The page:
Today was a nice sunny day, so we went to Hemlingby to see how the forest was doing. Hemlingby has lots of great trails, and also little gazebos and mini-cabins for picnics. We skied there a time or two when it was snowy, but haven’t been there in weeks. Graham has run a lot on the treadmill but me not so much, so we compromised on a 10km run. It was a bit windy but not to bad in the trees. However, not a lot of sunlight had penetrated to some densely forested parts, so we ran over snow in a few places and saw residual snowpiles in other places. It rained cats and dogs yesterday, and that along with the snow melt made for a boggy run with lots of detours around puddles and streams. Unfortunately the lake had flooded out the trail at about 6km in, so we had to turn around and do an out-and-back (a little longer than I set out for, but I survived).
The awesome highlight of my run was the huggorm (viper) I saw on the trail. He was sunning himself sleepily and I almost stepped on him, he was not so quick to get out of my way. He was as long as a big garter snake but much thicker, and he had an awesome light blue-gray on black zigzag pattern. He also had a big head, so it didn’t look like he just ate worms and grasshoppers. I didn’t actually find out he was a huggorm until I got home to google it, turns out he is a protected species who eats rodents and birds. I am amazed a cold-blooded animal can live so far north, and be awake and slithering between snowpiles.
The first thing we saw when we landed in Split and walked out of the airport was a palm tree… with a cat under it. This must be paradise!
In old cities, there are no back alleys to store garbage. This means that garbage gets put out front at night, and combined with the warm climate seems to be a perfect habitat for rats. However, I didn’t see any rats in any of the places we visited. What we did see were cats – lots of them. The inverse relationship between cats and rats made me wonder: why do we say kitties for cats but not ritties for rats? Graham says it is because rats are not cute.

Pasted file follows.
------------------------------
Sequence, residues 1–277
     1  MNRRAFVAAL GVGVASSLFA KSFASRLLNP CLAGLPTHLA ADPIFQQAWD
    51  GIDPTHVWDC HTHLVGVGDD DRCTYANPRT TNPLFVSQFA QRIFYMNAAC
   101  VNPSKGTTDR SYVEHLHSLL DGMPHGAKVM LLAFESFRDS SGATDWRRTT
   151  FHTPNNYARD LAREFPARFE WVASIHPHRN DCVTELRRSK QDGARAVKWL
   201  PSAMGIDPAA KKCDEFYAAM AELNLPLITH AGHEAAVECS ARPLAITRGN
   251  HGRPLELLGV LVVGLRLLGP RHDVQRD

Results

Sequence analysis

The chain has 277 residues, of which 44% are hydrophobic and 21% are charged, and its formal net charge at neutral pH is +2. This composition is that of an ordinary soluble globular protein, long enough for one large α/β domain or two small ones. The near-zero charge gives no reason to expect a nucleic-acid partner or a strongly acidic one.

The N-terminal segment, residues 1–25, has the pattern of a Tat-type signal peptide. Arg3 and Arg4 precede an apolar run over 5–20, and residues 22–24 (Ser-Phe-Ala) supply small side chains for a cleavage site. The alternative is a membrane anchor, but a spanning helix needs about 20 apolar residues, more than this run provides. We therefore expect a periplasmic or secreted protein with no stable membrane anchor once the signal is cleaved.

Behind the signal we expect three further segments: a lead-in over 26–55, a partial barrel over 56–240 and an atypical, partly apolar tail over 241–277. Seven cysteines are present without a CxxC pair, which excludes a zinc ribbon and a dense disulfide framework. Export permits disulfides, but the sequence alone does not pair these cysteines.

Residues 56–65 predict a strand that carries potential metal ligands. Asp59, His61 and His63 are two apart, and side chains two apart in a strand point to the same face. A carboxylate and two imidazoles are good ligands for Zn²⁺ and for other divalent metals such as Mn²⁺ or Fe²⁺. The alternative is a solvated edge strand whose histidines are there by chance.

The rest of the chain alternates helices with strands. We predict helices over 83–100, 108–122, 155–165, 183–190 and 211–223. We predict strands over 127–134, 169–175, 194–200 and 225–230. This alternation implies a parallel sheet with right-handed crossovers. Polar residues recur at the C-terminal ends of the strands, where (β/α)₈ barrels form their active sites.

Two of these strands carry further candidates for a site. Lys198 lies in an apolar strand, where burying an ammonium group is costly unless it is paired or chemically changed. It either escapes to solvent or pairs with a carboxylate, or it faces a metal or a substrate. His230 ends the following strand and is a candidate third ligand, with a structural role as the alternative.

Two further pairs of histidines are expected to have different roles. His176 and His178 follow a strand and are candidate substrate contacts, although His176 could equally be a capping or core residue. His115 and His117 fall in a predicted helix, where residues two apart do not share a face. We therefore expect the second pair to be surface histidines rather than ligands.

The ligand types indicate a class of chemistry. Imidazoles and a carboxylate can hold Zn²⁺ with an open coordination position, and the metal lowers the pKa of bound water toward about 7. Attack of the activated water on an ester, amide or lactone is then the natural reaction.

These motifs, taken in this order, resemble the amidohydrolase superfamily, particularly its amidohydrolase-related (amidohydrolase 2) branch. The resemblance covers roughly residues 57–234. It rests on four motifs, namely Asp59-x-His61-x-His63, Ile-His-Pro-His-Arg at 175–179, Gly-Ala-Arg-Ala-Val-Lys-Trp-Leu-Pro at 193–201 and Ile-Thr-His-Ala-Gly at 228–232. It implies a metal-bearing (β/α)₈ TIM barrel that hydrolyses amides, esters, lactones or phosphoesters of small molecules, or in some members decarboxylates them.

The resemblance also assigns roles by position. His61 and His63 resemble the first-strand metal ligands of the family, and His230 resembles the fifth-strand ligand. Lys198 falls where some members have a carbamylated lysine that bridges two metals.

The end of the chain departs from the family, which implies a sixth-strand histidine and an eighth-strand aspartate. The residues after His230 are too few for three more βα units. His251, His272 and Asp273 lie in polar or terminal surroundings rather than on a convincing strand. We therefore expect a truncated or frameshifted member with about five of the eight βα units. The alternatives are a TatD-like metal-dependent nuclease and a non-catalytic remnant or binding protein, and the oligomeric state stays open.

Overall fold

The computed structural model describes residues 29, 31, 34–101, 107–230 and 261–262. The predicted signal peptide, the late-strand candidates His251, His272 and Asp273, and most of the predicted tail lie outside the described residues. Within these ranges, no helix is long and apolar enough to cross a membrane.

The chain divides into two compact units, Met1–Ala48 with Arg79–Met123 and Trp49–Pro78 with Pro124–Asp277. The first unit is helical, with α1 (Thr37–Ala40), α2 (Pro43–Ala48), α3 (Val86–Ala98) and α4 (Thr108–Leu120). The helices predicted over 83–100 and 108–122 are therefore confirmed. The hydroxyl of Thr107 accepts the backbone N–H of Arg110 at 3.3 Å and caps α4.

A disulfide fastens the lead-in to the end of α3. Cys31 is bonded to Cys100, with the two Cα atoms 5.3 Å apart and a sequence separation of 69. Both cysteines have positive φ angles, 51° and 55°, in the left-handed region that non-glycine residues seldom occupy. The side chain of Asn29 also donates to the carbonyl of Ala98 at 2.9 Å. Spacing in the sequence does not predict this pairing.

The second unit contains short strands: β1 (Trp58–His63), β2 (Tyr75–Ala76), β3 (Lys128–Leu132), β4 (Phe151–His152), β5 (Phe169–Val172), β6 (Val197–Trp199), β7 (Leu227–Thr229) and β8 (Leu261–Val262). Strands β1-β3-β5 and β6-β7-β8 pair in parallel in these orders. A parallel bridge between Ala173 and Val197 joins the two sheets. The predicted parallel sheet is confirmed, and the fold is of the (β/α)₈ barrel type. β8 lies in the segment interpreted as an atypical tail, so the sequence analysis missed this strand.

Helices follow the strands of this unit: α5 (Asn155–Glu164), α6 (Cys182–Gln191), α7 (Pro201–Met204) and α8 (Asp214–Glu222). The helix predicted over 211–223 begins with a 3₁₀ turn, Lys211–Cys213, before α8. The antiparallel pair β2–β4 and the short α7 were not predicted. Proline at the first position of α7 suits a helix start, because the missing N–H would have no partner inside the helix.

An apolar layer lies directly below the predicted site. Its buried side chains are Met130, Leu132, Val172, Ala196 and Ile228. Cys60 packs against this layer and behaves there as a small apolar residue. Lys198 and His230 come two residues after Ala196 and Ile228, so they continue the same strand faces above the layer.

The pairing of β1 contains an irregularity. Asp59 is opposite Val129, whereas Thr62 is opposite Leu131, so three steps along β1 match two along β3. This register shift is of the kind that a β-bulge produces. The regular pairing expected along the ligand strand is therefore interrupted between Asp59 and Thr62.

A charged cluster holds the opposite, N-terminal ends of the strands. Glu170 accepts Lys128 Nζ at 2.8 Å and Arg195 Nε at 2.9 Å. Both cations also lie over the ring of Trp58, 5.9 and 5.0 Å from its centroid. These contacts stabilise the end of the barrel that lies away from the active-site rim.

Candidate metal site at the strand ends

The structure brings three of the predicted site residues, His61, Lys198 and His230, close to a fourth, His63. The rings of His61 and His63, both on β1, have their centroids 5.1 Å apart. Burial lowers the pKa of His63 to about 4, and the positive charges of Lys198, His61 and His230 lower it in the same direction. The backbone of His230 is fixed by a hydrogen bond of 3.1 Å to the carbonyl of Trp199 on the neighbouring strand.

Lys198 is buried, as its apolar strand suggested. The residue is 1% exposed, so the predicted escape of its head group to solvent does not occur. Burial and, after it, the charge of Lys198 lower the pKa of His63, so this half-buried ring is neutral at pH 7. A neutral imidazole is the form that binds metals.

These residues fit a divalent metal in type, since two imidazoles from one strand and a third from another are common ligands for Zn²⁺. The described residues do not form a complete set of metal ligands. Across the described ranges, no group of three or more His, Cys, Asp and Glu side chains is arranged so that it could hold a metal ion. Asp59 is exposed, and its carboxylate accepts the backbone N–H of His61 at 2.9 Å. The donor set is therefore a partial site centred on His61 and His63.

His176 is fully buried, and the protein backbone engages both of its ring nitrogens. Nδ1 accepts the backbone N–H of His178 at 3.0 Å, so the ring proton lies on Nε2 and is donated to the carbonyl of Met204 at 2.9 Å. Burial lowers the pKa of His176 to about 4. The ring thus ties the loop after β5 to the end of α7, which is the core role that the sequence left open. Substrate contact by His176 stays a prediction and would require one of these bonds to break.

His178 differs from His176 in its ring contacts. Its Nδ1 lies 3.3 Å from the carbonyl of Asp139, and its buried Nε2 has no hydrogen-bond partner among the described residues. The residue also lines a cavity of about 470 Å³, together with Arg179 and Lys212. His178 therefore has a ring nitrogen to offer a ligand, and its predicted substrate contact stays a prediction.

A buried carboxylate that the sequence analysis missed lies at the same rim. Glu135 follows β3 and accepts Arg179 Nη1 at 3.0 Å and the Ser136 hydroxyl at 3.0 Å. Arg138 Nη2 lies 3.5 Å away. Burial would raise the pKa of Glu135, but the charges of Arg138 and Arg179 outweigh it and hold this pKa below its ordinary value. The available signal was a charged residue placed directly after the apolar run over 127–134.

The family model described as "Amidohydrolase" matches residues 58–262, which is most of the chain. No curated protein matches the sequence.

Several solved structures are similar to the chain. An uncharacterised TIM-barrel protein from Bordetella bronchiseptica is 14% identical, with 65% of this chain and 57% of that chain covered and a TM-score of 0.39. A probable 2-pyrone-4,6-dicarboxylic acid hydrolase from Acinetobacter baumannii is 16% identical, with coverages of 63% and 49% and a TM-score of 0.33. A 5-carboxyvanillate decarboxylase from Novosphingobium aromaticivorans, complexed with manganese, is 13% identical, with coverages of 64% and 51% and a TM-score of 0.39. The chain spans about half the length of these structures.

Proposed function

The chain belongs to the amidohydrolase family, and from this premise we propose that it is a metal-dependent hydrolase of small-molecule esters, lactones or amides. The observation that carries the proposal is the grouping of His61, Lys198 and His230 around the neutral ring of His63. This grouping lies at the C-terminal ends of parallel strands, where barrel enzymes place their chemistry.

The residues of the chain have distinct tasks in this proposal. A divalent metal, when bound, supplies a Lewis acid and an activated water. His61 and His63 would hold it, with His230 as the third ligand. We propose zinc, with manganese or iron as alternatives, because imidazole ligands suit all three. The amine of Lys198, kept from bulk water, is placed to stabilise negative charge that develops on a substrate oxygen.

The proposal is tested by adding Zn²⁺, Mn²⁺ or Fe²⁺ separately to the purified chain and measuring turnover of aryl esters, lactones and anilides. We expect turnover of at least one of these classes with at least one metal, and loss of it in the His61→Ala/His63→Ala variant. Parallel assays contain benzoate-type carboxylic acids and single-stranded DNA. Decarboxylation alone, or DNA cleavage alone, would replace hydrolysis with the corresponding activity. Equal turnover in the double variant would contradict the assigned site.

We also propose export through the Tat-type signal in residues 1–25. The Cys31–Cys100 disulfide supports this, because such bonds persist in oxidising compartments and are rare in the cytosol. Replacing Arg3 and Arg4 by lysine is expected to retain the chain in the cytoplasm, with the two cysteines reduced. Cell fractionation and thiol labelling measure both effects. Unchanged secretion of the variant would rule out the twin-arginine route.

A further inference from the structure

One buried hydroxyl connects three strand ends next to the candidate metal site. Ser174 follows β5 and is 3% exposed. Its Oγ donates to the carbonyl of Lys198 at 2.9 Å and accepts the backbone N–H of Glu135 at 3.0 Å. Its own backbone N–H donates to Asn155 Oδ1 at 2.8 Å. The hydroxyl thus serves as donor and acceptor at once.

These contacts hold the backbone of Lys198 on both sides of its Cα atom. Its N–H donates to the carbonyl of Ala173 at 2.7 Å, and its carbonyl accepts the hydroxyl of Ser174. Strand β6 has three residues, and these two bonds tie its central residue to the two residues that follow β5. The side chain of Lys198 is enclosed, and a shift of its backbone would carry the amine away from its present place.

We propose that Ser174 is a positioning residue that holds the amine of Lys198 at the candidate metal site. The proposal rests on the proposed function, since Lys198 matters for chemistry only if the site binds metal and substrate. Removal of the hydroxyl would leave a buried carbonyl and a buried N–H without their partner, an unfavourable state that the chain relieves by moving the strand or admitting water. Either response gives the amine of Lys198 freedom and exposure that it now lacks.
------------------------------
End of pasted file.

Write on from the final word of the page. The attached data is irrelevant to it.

Tabbies, calicoes, plain black or white ones; some with collars or bells but most were wild; many were skittish though some were friendly. The general thing to say is that they were medium sized (not Swedish giants) and quiet cats, we heard hardly any meows.
One night we had a wonderful dinner on a plaza by the old port. We had a great salad and risotto and some fired sardines. There was a massive pile of sardines and since we don’t usually eat meat we got full pretty quickly. Luckily there were some local cats willing to help us out. They sat patiently under our table for extras.
We don’t see many cats in Sweden so it was nice to be able to pet some cats. You can sit on a park bench and a friendly one may come by. One crawled into my lap while I was sitting on some rocks by the sea. Just in case you are wondering, Graham also pets cats, but somehow all the pictures are of me petting cats, making me look like a crazy cat lady.
The other day I saw a great picture on the front of the local newspaper: a cute orange and white kitty licking a whipping cream-covered cake. How cute! I thought it was a great sign for the neighbourhood when ‘cute kitty’ is front page news (albeit of a lesser section of the newspaper). It turns out the cat is Sputtnik, the winner of last year’s ‘Gävle Lussekatt contest’.
Lussekatt is the name of Swedish saffron buns that are very popular at Christmas, starting on Luciadag (St Lucia’s day, December 13.) Traditionally schools/towns choose a young girl to be ‘Lucia’ and bring buns and coffee on a tray on the morning of Luciadag, and usually sing. Nowadays everyone gets to be a Lucia can (boys included) because things are pretty inclusive in Sweden, but at one point there was more of a selection process to ‘crown the Lucia’. I’m told this is not like a beauty contest, but it is hard for me to picture anything but Miss America.
In Lussekatt, the ‘Lusse’ part stands for Lucia. I’m not sure about the ‘katt’ part, since bun is usually ‘bulle’. but the local newspaper has made an annual joke out of it for the last few years by getting people to send I pictures of their cats (along with a bio.) The top pictures are published and the readers vote to crown the year’s Lussekatt. The winner gets their picture and bio published, and perhaps also one of the those whipping cream cakes? I thought about entering some cute pictures of grey kitty, but I don’t think they award it post-humously, and it would be very awkward to explain in broken Swedish when they came to deliver the whipping cream cake (because of course grey kitty would win).
Naturally I will be following developments in this year’s Lussekatt contest very closely and will post results here.